It's a Mad Mad Mad Mad Publishing Industry

When I heard that Jonah Goldberg inked a $1 million book deal, I naturally wanted to read the column that apparently inspired it. Having done so, I see that Mr. Goldberg is primed to write a jeremiad against “the tyranny of cliches” such as “better ten guilty men go free than one innocent man be punished,” “unless you’ve walked in a man’s shoes… you have no right to judge,” and “when one person loses his freedom we’re all a little less free.”

I share a distaste for cliches, and I can’t fault Mr. Goldberg for taking a million dollar advance to tilt against them. Unlike most of the nonsense that passes as “a conservative book” these days, it is difficult to see what harm it could cause. It isn’t as if his wrongheaded premise make him complicit in bringing Sarah Palin closer to the presidency!

But the premise of the article is surely wrongheaded, so it’s only natural to wonder if the book is going to share its flaws. How does it go astray? By asserting, as though it requires no proof, that cliches are some sort of deciding factor in America’s debates — so much so that we’re under their tyranny!

Let me give you the example that made me want to write this column in the first place. Because I’m skeptical about slippery-slope arguments, because I’ve argued that America is largely immune to becoming a totalitarian state, and because I don’t particularly care if Jose Padilla, John Walker Lindh, or Richard Reid ever get a lawyer, a lot of people keep telling me that when one person loses his freedom we’re all a little less free.

You wouldn’t believe how many famous people have offered or repeated this observation. Gandhi, Martin Luther King, Eli Wiesel, Captain Jean Luc Picard, as well as countless politicians have said something to the effect of “we are only as free as the least free among us.”

Yes, people are so bowled over by the cliche about only being as free of the least free among us that Gandhi and Martin Luther King had merely to utter it, never fleshing out the sentiment with any sophistication, and as a result the Indians and black Americans respectively were free from injustice, so powerful, even tyrannical, was the faulty reasoning.

The column goes on:

It sounds nice, of course. Unfortunately, it’s also a crock, factually, logically, and morally.

First, facts and logic: Remember how we all agreed at the beginning of this column that there’s undoubtedly an innocent person in prison right now? Well, he’s not free. Are you only as free as him?

There are undoubtedly innocent men in prison?! And we’re not all obsessed with identifying them? In fact, almost none of us are? Why it’s almost as if literally no one in America behaves as if they believe that we’re only as free as the least among us… which is sorta what Mr. Goldberg is arguing, weirdly, because his larger point is supposed to be that cliches — specifically, the “only as free” cliche that inspired his column — are so tyrannically powerful.

It is going to be quite a trick to earn a seven figure advance by extending this argument in a way that doesn’t cause every halfway conscious reader to realize that they can hardly think of a single instance when someone offered a cliche as their main argument, and it won the day. Wait a moment, hasn’t every English teacher I’ve ever studied under in fact commanded that I strike cliches from my writing? And wasn’t the most shameless purveyor of cliches in recent American politics, Sarah Palin, just defeated in her bid for the vice-presidency, despite such marvelous cliches as “America must not waive the white flag of surrender ” and “You can’t blink”?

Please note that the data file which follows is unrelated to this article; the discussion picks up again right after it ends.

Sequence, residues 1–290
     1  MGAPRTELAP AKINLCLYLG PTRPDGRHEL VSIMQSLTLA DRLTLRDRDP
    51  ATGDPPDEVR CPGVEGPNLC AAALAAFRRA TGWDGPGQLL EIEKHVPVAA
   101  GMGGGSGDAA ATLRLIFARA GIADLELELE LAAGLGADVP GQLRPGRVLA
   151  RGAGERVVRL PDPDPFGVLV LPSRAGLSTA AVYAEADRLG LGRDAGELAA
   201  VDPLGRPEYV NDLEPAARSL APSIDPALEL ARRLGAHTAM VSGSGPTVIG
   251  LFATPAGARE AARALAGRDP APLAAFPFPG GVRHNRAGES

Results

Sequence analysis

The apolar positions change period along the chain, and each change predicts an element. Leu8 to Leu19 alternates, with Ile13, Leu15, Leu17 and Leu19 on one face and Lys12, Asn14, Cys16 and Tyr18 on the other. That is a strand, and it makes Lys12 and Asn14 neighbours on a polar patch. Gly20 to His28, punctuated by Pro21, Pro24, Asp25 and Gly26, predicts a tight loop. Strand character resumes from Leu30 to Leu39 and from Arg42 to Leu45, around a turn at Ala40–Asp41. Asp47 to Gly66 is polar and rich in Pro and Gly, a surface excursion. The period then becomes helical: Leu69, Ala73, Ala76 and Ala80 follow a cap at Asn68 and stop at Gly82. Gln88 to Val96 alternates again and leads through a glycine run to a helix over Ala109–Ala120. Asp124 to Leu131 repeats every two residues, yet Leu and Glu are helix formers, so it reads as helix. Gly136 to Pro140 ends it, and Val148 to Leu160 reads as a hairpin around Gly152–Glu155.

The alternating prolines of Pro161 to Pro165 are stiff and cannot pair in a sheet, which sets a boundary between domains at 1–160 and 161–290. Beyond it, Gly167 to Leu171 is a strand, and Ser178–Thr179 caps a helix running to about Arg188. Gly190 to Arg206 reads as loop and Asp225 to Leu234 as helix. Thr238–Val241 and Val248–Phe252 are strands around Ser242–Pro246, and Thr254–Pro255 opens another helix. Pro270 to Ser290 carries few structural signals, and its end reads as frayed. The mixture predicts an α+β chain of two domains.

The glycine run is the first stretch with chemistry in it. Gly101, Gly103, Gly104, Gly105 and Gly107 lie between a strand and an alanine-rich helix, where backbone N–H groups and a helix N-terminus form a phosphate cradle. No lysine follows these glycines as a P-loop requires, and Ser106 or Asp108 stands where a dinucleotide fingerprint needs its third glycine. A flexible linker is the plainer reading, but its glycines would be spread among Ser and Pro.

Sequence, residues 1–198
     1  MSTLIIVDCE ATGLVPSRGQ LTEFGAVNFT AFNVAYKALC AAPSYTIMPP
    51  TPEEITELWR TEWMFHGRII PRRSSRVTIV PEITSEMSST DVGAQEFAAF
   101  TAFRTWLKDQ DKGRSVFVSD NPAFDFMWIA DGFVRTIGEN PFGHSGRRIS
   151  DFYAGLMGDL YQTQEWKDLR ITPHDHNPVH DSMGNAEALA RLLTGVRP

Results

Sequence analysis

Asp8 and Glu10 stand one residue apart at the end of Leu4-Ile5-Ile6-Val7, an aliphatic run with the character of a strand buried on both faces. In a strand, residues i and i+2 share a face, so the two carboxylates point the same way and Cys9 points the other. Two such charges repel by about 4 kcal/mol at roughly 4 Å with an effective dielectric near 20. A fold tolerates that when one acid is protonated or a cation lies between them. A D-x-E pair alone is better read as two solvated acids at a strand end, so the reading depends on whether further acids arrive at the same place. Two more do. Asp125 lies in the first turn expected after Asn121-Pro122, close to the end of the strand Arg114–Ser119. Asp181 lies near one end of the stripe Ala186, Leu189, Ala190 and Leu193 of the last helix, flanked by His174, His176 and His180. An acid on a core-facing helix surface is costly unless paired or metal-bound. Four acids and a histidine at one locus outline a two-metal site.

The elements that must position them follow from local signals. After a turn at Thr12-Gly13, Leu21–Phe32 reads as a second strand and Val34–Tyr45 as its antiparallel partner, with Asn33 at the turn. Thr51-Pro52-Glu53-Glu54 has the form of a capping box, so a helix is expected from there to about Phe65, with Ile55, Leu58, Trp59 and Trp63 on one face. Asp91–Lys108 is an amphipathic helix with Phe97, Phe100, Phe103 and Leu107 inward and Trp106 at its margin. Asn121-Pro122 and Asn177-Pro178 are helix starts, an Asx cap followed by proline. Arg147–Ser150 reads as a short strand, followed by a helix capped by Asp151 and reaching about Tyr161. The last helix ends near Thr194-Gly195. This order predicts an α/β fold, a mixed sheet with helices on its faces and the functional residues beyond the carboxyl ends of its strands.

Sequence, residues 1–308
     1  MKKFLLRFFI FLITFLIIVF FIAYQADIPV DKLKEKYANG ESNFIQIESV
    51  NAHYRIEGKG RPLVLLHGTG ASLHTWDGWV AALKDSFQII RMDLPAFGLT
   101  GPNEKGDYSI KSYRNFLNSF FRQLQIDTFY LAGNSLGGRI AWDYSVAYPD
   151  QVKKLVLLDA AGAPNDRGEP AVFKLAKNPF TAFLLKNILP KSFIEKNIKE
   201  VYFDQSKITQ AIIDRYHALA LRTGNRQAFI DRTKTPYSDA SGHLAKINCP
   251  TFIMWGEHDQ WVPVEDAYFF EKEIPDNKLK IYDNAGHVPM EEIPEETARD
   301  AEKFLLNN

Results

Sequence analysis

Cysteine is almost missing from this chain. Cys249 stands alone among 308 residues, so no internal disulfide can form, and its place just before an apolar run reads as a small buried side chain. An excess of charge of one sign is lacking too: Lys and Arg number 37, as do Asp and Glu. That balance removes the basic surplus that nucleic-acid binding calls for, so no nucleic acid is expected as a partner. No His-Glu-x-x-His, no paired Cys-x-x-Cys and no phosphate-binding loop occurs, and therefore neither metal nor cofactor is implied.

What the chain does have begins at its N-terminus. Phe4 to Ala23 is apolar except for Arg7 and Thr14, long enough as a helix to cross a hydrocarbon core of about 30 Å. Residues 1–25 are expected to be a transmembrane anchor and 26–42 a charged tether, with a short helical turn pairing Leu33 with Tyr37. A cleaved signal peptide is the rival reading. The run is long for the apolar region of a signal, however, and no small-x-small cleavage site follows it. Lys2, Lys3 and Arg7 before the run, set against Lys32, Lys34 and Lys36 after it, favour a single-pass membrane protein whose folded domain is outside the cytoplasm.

I’ll leave you with a parting sample of the column that an actual American publishing company is paying a million dollars to get at book length:

The same moral logic powers clichés like “first they came for the Jews” or “we’re only as free as the least free among us.” It is not an appeal to conscience but an appeal to the self-interest of those who fear they might be next.

Indeed, the adage “first they came for the Jews” is often used as part of an argument for the state to never “come” for anybody. I can’t tell you how many fools write me to say that the government cracking down on terrorists is akin to the government cracking down on Jews (or blacks, or gays, etc). In effect, not only does this logic hold that the government is so inept and immoral that it will be forced to “come” for other people once it’s through with the terrorists, it also implies that Jews and terrorists are somehow similar. After all, if cracking down on the Jews first is indistinguishable from cracking down on terrorists, what’s the difference between Jews and terrorists?

Admittedly, this book might actually be worth $1 million dollars if Mr. Goldberg is compelled to persuade the partisan book buying audience that we should in fact judge some books by their cover.

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One Response to “It's a Mad Mad Mad Mad Publishing Industry”

  1. Lisa Takeuchi Cullen Says:

    But of course, neither the column or, presumably, the book are really about clichés, right? They and Jonah Goldberg are all about advancing the conservative viewpoint in a (to some) charmingly cantankerous fashion.

    Take that last argument. Goldberg claims “fools” write to him constantly arguing against the persecution of terrorists. Of course they don’t. They’re protesting the persecution of Muslims, most likely.

    What’s sad is that Penguin would place such a big bet on such a cynical business proposition.

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